A fantastic analysis of what makes us laugh, it looks at humour between the sexes, across cultures (Australian, British, Jewish, and American ), the dirty joke, the generational joke and more. It looks at humour in its social context and outlines how it has developed over time. Whether you are studying humour, want to try your hand at stand-up, or just wondered why the chicken crossed the road, this is the book for you.'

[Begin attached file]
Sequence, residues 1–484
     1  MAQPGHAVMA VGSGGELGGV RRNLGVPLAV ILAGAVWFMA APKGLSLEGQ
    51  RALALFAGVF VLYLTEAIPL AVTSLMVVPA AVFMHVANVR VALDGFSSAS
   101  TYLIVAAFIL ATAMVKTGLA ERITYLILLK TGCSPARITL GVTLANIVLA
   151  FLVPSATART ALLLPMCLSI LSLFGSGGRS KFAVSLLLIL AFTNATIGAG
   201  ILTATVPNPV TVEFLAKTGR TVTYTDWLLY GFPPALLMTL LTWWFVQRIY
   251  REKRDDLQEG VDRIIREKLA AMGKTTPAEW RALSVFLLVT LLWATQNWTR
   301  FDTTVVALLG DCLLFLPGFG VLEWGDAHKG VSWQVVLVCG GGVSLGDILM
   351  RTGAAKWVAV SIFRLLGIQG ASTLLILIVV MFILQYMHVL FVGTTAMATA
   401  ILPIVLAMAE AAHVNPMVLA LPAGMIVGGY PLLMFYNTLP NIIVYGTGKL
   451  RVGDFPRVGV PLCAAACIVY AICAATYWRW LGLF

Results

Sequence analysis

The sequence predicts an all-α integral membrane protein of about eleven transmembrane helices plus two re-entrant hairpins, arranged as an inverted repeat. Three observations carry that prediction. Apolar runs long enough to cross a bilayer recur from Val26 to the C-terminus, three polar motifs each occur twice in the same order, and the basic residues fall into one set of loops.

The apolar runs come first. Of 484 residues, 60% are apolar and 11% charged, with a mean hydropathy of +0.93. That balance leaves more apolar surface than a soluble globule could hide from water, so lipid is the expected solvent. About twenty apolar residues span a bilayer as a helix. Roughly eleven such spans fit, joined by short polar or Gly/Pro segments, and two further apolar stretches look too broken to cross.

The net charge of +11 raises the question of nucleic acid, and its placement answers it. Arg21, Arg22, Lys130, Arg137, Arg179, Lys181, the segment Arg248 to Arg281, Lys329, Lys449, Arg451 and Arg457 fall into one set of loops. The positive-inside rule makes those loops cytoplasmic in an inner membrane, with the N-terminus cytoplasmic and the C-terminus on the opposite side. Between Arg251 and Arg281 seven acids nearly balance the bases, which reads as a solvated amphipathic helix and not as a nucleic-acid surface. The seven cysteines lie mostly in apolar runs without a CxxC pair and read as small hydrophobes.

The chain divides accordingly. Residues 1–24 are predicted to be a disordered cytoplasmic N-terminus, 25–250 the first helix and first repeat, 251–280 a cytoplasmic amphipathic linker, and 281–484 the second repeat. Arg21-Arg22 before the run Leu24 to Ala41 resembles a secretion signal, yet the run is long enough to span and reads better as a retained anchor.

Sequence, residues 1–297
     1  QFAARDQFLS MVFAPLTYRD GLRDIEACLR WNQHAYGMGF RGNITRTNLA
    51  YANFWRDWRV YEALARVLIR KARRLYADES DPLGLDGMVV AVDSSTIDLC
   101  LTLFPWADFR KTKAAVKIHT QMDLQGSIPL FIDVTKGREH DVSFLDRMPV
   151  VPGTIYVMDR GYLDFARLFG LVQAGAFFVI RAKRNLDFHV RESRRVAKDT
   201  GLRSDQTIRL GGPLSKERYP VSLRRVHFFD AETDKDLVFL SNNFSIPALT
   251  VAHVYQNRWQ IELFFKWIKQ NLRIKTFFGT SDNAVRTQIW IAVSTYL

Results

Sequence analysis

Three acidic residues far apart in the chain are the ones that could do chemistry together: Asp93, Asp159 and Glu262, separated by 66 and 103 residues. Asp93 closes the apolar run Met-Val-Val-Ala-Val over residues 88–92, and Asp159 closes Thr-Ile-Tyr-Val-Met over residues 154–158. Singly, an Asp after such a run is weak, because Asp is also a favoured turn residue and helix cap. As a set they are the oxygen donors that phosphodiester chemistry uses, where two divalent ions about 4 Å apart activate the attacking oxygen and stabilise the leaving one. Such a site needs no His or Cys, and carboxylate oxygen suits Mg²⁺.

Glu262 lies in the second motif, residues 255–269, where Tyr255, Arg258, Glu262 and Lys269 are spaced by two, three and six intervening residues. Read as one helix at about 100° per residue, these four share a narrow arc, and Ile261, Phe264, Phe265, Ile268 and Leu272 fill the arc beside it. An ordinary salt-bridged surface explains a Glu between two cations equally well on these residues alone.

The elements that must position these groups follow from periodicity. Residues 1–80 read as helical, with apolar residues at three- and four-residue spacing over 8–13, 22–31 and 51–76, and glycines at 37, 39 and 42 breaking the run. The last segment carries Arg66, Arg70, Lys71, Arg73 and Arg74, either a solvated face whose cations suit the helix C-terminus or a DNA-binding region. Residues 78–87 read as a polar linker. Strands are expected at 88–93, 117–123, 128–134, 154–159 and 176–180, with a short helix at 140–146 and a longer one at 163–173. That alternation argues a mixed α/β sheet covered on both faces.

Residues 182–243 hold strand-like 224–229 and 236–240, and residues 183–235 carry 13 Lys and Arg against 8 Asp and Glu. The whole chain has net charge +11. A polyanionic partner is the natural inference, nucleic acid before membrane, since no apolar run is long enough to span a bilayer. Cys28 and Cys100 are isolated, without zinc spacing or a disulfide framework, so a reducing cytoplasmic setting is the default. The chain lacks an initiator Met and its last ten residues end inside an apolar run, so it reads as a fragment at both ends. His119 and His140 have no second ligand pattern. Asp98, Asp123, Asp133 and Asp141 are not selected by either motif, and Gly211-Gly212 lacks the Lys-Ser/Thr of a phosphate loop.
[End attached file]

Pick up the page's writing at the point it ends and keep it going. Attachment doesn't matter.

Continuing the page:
A marvellously readable and entertaining analysis of what makes people laugh, and why. The book looks at humour from every possible angle: between the sexes, across cultures, between generations, giving lavish examples to illustrate the points raised. The author examines the elements of humour and its cultural differences and illustrates his examples with specific jokes or genres of jokes. Not only analysing humour and comedy, it places humour in its social context and outlines how it has developed over time. The author analyses the 'joker' and the 'jokee' as well as the joke-text. No one has done this since Freud and it certainly has not been done in a book that is readable and is definitely attractive to a general audience. Whether it is 'Dumb Blondes', 'Absent-minded Professors', 'Englishmen, Irishmen or Scotsmen', 'Mothers-in-law', 'Hot Redheads' or talking animals, why do we find these personas so funny? Read this fascinating analysis of the dynamics, the history and the social context of humour. What are the seven categories of dirty jokes? Who are the great Jewish comedians and comic writers? What is different about Aussie Humour? The author was educated at Westminster College, Oxford and Adelaide University and has had a lifetime's interest in all things humorous and poses the question: 'What makes us laugh?'.